(Editor's note: I just wanted to pop in here and say that "where do you find the time" is the question that I get asked that makes me laugh the most. You don't find time; you make it. And I couldn't agree with Tina more on the subject. -Allie.)
This topic is possibly the most YMMV topic I could write. What a person wants to know when they’re asking this question is, how do you find the time to write and keep doing everything else you want to do?
The short answer is, you can’t.
This is why only one in ten writers will finish a manuscript. It’s not that the other nine don’t have great stories to tell. The other nine can’t (or won’t) prioritize writing over social engagements, other hobbies, or time with their family.
And who can blame them?
My novel writing experiences were very different from each other. I was unemployed when I wrote The Corsican. Of course I looked for work, but I still found myself with hours of being stuck at home time. Toby was two, and he did what two year olds did, wandering around the house tasting various objects off the floor. I managed to wrestle some time to myself, and within a month I’d knocked out the bones of The Corsican.
Easy stuff, right?
Bento Box was much harder. I had a full time job, Toby was five, and this left me with few options. My schedule ended up with me working, coming home and enjoying family time, putting Toby to bed and then staying up to get a couple of hours of writing in. My social life folded like a card table, but I still allowed myself a few ‘go out and play’ days so as not to stress fracture.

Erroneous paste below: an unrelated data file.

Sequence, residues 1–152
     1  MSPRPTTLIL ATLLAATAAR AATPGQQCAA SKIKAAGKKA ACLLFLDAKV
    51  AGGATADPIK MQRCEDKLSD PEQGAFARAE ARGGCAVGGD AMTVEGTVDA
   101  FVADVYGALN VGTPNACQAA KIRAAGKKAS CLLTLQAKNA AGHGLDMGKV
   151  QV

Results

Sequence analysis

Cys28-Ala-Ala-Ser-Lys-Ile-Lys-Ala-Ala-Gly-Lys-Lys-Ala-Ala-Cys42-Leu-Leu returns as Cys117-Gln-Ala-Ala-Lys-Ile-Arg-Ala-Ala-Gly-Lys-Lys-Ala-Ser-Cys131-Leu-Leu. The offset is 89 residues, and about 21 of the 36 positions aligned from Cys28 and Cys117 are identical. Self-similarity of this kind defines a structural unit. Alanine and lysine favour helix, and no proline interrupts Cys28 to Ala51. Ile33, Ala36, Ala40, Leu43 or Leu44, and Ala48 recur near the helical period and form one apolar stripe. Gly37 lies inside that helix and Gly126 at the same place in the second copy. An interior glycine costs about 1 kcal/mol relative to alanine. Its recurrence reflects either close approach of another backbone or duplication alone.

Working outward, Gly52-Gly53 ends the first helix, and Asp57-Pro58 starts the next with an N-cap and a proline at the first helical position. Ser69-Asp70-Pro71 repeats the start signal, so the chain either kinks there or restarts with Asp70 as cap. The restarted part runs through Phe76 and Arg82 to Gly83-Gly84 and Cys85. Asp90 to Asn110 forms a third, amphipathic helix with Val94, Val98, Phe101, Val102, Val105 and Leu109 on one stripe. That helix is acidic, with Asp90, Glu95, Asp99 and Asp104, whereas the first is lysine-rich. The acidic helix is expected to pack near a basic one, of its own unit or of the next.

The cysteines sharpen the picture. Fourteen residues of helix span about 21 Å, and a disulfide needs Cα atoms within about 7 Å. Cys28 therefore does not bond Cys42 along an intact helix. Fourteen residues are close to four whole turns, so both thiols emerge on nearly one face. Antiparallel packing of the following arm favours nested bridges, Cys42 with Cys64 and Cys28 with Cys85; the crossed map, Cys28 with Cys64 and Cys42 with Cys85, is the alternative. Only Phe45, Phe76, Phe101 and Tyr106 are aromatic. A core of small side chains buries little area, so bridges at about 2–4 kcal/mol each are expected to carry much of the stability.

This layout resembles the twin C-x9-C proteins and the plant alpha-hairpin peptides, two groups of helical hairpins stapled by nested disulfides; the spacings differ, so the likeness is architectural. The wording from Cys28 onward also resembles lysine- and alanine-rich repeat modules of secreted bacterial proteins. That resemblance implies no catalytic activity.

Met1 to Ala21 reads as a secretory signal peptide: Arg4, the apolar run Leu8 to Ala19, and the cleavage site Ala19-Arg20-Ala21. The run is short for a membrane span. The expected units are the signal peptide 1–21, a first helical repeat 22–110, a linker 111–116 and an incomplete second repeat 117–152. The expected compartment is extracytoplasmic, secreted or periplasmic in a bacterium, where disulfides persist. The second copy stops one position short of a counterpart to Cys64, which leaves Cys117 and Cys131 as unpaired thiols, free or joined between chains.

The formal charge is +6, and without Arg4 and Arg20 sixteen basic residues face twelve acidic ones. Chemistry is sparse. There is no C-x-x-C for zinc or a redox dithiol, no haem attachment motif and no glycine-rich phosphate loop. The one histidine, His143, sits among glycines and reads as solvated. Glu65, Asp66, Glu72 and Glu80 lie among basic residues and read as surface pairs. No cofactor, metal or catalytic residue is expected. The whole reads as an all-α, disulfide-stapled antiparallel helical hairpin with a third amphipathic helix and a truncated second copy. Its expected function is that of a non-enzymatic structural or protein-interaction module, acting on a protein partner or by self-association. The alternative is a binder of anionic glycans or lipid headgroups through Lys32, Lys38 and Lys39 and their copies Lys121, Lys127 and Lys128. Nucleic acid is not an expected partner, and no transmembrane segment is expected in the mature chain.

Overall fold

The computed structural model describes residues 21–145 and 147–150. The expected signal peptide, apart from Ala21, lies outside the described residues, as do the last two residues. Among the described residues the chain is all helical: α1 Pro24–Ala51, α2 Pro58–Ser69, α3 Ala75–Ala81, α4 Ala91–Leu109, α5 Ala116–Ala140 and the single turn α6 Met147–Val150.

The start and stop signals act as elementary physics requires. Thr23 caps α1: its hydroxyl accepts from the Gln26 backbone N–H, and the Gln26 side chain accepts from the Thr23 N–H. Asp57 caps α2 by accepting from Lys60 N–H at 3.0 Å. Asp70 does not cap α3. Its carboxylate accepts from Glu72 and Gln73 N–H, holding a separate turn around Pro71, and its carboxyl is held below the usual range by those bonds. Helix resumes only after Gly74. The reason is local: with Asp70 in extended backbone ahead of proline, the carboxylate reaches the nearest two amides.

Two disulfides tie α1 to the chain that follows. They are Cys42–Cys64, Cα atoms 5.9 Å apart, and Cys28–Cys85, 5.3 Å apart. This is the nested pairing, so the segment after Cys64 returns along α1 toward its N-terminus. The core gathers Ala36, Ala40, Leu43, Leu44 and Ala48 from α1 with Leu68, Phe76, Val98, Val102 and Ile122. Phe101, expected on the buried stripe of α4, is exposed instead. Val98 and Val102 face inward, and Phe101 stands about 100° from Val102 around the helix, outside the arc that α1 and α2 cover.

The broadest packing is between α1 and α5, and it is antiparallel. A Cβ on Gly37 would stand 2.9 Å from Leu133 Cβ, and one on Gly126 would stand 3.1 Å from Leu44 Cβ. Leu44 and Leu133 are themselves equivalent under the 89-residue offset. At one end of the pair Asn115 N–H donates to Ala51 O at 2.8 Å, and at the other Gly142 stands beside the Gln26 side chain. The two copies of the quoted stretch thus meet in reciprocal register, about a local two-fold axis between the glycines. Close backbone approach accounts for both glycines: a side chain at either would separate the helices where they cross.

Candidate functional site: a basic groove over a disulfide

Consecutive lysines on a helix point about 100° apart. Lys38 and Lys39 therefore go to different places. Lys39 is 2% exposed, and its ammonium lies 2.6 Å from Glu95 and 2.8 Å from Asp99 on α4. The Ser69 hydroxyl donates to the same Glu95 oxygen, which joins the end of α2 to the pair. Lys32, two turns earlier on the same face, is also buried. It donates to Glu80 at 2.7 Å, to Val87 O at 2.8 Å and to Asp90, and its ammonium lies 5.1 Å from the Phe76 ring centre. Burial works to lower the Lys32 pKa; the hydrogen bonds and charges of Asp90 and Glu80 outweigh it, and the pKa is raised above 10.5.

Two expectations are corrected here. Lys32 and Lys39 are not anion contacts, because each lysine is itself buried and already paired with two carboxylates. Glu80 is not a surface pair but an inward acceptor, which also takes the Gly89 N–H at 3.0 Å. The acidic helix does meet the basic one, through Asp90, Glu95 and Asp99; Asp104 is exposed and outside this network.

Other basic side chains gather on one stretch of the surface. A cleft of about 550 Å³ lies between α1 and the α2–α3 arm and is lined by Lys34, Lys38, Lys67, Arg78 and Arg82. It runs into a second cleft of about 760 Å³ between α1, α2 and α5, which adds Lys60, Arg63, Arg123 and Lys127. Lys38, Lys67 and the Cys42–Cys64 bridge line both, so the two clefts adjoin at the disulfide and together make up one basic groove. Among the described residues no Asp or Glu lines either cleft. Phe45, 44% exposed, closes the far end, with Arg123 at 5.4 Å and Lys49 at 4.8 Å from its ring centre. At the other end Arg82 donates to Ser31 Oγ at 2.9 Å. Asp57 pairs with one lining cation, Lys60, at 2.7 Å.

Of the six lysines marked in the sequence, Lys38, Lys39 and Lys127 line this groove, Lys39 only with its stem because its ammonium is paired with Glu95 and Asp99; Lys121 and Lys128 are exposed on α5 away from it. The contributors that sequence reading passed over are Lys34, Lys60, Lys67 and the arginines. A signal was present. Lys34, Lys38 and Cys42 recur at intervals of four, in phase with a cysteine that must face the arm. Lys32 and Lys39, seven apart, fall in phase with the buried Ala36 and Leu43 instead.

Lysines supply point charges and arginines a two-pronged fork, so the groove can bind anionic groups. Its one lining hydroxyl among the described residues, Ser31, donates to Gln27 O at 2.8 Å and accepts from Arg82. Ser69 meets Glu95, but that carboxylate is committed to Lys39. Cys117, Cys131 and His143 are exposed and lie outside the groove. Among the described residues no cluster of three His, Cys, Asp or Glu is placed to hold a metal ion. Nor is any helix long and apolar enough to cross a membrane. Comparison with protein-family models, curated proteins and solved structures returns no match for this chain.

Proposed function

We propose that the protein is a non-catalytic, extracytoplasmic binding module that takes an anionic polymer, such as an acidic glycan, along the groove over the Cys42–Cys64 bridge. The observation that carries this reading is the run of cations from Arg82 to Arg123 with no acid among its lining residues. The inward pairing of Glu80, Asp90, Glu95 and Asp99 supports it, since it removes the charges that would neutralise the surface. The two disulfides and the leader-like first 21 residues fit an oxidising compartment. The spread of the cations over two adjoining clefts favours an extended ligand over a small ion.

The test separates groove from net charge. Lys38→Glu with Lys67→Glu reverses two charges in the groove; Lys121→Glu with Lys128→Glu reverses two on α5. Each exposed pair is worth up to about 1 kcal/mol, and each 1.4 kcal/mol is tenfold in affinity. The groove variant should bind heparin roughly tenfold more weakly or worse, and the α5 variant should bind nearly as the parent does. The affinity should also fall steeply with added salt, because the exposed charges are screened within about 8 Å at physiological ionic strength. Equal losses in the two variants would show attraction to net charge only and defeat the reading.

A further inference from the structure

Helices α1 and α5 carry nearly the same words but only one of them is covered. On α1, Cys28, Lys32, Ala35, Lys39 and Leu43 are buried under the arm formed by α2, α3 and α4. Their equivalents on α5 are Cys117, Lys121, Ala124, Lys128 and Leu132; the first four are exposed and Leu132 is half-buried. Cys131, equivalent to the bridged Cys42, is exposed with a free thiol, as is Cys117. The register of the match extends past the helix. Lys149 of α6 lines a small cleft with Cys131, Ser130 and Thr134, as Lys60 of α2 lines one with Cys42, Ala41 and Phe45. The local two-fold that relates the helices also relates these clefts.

I wrote on the weekends, unless I couldn’t. I wrote during my breaks at work unless I had errands. I wedged in scraps of time where I could find them. I wrote Bento pretty fast, all things considered. It was the editing that took months and months and months of time.
So, the question of ‘Where do you find the time’ is not the question you want to ask yourself if you have an idea for a story. The question is, does the story you have excite you so much that you’re willing to sacrifice other parts of your life to write it? Are you willing to stay in nights and write on the weekends and write when you’re exhausted from a bad day? Does your story compel you to stay up late or get up early, just to get those extra hours?
If it does, then you’ve got a story worth making the time for.
And that’s where writers find the time. They make it out of the opportunity cost of doing other things. They sacrifice for their work.
If that’s not for you, don’t despair. It’s absolutely not for everyone.
If you’re intrigued by this, you may find an unexpected story inside you, just waiting to be told.